When I first started working at a bike shop, the more serious racers I toiled alongside had winter bikes. That is, they had a bicycle they just used in winter months. It wasn’t as nice as the race bike. Usually, it was just the old racing bike that had been downgraded when a new racing bike was acquired. I had a new racing bike, a Specialized Allez SE, so the old bike, a Bianchi sport-touring model, which was always too big for me anyway, became the winter bike.
At the time, it seemed that pros had training bikes. In the documentary 23 Days in July, you can see that Phil Anderson had a bike equipped with full fenders for training around his home roads in Belgium, even in warmer months.
I treated my Bianchi like a winter bike. Heavy tires. Should have gotten fenders. I let the beast get pretty grimy, only lubing the chain, until the steed was covered in a few layers of dirt. I even rested it in an unheated space, so I often left a water bottle in the cage and the water didn’t get moldy.
When the opportunity came along the next year to buy a used Peugeot frame with 531 tubing for $50 or so, I grabbed it. Yes, upgraded the winter bike; looking back, it probably fit better than the Specialized. But I “needed” the Peugeot, as the Bianchi was converted to a cyclocross bike–in those days, racing 27mm tires, which fit under most sidepull brakes on steel frames, was not uncommon in ‘cross. Then, the Specialized got downgraded because an Eddy Merckx Corsa Extra SLX came into my stable. It’s the one in the picture. Well, mostly. The Peugeot was turned into the ‘cross racer. The Specialized became a fixed-gear bike I pulled out the day after Thanksgiving and rode exclusively until the last week of February, the week before the race season started.
I went hard for the winter bike concept. Not only did I run a fixed-gear, but I swathed the wheels in the heaviest, largest tires that would fit. I even rode with a water bottle called the PIGG, a plastic bottle filled with lead weights. Eventually, I switched back to one bike for all seasons.
There was something nice about having a different bike for winter. It changed my relation with riding. The bike was a reminder that the time wasn’t for going fast, but for time outdoors. LSD, Long Steady (or Slow) Distance, was seen as a way to rebuild fitness, but it was also a mental break. There is some logic behind it, but at this point, I’d argue that benefit was more mental than physical. The fixed-gear was another story. It took more minding; you had to think before turning, before riding over potholes, every uphill was a power effort, every downhill a spin session. It felt like I was learning how to be efficient at cadences from 40rpm to 130. Some days, I felt on top of the gear, some days, it was a struggle.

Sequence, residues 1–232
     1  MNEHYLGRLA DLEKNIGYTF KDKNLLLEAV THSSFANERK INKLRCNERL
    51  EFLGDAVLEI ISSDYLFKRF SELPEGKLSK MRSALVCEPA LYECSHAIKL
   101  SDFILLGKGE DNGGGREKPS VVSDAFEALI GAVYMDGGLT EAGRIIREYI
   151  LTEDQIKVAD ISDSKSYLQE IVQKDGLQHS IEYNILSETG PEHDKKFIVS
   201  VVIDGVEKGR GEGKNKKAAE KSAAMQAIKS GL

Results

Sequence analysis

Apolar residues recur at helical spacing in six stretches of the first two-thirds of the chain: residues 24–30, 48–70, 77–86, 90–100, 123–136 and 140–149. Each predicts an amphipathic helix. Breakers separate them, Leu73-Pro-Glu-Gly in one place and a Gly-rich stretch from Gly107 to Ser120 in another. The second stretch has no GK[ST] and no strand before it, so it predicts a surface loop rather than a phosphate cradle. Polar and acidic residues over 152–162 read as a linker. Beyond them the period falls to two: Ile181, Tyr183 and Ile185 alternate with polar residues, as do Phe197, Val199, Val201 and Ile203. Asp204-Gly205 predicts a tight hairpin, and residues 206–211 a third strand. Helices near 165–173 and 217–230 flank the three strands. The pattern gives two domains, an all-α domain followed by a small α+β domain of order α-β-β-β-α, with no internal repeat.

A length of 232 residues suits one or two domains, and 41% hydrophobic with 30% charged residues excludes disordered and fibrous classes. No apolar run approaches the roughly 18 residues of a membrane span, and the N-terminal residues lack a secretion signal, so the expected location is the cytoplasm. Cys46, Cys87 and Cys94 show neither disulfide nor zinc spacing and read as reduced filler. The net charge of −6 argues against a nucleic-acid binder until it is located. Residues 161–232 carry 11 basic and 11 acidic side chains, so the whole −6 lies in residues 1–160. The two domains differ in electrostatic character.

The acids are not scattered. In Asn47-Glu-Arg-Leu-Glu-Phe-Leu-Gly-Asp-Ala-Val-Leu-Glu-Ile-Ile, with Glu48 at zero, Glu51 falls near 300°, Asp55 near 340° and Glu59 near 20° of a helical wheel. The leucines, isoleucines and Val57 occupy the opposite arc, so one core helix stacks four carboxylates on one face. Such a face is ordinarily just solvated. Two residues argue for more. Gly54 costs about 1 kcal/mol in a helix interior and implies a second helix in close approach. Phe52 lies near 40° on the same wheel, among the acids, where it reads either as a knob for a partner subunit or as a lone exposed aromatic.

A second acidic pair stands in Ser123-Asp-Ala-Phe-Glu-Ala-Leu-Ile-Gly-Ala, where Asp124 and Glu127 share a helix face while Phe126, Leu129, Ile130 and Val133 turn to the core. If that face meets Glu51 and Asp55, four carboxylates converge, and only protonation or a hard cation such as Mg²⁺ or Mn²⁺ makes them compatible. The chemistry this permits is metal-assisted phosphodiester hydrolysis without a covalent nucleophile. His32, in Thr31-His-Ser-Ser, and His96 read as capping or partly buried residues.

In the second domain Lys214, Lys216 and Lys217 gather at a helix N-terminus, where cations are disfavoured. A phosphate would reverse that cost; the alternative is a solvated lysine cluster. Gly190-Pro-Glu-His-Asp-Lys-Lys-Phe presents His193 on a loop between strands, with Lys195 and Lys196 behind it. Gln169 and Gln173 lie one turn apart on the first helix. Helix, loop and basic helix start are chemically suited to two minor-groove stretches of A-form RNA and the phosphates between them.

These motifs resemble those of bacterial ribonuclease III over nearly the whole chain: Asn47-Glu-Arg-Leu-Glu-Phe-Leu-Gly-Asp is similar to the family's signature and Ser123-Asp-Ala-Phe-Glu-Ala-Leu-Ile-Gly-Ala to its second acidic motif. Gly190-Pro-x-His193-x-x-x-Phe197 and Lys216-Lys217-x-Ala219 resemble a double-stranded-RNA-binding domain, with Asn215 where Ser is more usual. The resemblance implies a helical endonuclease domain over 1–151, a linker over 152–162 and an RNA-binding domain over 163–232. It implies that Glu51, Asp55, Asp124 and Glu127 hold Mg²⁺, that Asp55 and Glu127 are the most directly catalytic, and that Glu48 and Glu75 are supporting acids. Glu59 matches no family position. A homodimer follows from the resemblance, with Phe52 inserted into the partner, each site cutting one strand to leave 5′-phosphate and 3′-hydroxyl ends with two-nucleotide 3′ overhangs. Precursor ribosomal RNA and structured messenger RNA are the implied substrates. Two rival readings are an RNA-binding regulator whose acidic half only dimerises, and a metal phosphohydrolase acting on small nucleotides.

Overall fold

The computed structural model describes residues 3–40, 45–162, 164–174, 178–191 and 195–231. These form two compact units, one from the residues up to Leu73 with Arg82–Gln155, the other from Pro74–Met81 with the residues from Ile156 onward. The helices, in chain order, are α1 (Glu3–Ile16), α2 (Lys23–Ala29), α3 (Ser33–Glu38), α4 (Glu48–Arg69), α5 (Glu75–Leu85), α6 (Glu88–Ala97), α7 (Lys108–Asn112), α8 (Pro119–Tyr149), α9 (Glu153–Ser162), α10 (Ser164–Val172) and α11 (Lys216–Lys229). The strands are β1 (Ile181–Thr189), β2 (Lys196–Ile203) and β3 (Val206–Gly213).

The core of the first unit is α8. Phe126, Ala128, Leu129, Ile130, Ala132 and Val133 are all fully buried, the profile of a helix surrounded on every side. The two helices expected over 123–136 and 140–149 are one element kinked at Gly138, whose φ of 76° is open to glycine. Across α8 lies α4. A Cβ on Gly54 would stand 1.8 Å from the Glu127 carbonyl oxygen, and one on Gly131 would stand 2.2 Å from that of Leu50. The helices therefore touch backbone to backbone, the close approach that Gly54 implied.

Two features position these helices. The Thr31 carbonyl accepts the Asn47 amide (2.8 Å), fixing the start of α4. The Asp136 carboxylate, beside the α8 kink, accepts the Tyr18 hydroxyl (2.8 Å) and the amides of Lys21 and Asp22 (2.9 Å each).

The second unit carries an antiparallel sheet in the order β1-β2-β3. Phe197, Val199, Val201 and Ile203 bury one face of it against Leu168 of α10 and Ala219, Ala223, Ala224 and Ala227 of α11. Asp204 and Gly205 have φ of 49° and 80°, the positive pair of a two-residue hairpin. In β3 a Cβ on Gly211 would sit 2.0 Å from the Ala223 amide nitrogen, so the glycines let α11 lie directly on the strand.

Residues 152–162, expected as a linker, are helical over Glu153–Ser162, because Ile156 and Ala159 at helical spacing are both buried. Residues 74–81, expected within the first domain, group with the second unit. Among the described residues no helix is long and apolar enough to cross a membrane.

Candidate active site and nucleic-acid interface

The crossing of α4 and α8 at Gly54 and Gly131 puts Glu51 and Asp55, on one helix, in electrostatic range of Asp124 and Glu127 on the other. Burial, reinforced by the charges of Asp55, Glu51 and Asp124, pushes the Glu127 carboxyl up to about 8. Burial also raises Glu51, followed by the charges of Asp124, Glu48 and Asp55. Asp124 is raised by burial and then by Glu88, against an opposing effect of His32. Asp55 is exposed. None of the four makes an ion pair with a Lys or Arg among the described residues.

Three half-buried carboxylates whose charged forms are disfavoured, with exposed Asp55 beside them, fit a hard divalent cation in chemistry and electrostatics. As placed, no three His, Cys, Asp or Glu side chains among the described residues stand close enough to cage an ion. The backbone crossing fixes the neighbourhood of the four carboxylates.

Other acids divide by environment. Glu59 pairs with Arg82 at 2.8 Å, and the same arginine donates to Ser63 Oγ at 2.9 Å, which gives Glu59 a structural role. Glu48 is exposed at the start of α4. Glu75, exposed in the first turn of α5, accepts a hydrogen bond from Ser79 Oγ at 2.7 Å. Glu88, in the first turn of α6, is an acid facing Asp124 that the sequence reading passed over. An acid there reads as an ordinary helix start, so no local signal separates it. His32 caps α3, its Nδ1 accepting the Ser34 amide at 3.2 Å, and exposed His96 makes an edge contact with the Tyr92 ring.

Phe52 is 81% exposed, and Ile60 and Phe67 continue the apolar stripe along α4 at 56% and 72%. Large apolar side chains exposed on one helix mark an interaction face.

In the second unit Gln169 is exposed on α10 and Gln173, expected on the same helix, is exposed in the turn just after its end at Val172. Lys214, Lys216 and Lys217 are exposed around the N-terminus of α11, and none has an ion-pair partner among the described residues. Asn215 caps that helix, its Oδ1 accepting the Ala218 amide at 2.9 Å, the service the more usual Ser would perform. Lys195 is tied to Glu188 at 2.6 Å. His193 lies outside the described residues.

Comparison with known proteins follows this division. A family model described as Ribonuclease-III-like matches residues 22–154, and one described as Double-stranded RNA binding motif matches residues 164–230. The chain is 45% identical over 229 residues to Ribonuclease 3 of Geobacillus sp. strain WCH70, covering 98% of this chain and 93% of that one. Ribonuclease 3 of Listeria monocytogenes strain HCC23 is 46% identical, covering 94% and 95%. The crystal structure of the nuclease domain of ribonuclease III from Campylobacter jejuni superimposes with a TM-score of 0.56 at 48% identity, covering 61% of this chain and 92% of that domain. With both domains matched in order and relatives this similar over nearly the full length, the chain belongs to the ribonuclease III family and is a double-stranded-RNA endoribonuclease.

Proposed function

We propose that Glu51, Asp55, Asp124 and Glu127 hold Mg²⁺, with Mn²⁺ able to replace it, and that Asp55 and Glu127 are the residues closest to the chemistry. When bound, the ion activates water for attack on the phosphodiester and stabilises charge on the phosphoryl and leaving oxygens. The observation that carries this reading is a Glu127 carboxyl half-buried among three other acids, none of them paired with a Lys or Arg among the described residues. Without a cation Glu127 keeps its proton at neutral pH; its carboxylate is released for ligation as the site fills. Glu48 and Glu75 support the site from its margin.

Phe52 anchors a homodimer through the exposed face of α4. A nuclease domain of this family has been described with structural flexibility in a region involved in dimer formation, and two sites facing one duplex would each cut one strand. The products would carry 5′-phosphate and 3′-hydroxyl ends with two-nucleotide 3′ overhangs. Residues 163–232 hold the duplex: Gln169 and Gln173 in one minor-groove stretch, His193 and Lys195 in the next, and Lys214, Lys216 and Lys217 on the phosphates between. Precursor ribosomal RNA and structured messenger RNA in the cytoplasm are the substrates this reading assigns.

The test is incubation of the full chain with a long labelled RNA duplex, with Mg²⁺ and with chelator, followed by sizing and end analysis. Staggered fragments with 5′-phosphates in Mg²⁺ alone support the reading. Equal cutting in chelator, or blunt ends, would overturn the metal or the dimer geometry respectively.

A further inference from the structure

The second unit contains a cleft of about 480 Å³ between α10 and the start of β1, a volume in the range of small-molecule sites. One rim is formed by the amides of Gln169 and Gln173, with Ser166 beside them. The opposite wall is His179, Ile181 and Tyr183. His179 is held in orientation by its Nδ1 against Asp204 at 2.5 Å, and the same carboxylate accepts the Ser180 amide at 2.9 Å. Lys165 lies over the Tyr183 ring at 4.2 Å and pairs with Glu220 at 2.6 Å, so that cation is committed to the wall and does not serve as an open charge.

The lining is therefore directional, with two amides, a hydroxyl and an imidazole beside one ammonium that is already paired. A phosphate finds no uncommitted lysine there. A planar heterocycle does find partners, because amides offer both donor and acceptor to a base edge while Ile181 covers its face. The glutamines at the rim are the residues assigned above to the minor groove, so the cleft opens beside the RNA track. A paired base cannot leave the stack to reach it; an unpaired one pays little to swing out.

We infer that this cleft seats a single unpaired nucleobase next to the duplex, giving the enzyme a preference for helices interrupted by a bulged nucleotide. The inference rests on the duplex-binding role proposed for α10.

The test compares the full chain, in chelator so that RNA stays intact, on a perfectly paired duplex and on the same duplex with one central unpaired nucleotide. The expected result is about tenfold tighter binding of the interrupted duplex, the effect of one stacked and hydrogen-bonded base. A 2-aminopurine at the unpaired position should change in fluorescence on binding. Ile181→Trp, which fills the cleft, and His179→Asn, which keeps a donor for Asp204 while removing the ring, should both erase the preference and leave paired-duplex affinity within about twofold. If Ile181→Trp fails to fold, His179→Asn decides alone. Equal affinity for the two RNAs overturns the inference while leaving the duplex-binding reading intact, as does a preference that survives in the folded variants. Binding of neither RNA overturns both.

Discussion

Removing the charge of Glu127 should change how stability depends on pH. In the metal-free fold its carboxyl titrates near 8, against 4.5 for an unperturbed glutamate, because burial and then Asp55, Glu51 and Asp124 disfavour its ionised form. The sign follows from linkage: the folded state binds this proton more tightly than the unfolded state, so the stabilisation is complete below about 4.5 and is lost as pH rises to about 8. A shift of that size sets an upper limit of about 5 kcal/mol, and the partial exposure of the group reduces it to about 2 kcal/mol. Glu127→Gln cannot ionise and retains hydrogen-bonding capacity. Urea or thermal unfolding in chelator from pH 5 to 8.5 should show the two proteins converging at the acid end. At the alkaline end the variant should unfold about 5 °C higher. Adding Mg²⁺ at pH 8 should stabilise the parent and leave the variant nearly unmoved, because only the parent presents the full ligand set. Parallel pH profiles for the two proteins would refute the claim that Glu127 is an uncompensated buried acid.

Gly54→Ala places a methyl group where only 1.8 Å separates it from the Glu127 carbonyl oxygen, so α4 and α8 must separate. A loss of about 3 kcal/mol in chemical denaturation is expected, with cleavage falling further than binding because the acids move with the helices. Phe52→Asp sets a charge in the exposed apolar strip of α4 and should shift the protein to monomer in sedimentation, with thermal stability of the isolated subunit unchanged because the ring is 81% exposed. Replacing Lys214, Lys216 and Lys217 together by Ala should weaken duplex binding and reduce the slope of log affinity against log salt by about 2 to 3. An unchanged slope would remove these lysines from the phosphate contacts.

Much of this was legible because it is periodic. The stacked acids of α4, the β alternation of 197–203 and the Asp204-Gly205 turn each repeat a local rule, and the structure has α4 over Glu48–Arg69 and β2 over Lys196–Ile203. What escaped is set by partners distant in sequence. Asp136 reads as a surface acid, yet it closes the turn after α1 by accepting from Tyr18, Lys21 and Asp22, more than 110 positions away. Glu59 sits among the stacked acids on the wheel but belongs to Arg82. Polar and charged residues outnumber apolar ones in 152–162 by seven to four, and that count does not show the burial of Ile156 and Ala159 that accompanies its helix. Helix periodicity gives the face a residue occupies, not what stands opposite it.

All the same, I abandoned the winter bike due to group riding. Getting dropped on longer downhills and spinning like crazy just to stay on the back of a fast rotating paceline was the cause.
I’ve been switching back to a winter bike the past few years, but now it’s the Merckx that is coming out for a month. It’s pretty heavy. While the position is the same, and the saddle and pedals match my main bike, the bars, brakes, shifters are quite different. The shallow reach and deep drop bars feel different in hand. Downtube shifting is way faster, even with friction-only. The brakes have a much stronger return spring, presumably to overcome system friction, but the sensation is quite different. Possibly most notably, the brake lever bodies are way smaller, and much less comfy. The skinny bottom bracket spindle is freaky to look down at.
Looking at the geometry, the bike was, in many respects, a proto-gravel bike. It was kind of designed as a cobble-crusher. Clearance for 28mm tires. A low bottom bracket for stability. a long fork for shock-absorbtion. Short trail for light steering when riding slow on rough roads. When it was new, I took it over dirt roads on 20mm tires without issue.
The weight, the flex, the different tone emanating when the bike rolls over bumps, the reach for the shifters, and the brake levers all contribute to a different riding sensation. And that’s nice to go to. Old roads have a new dimension with a different bike beneath me. Returning to basics, trying the analogue bike experience again, well, only with a powermeter (for data collection, at least that’s what I tell myself).
For a while, anyways.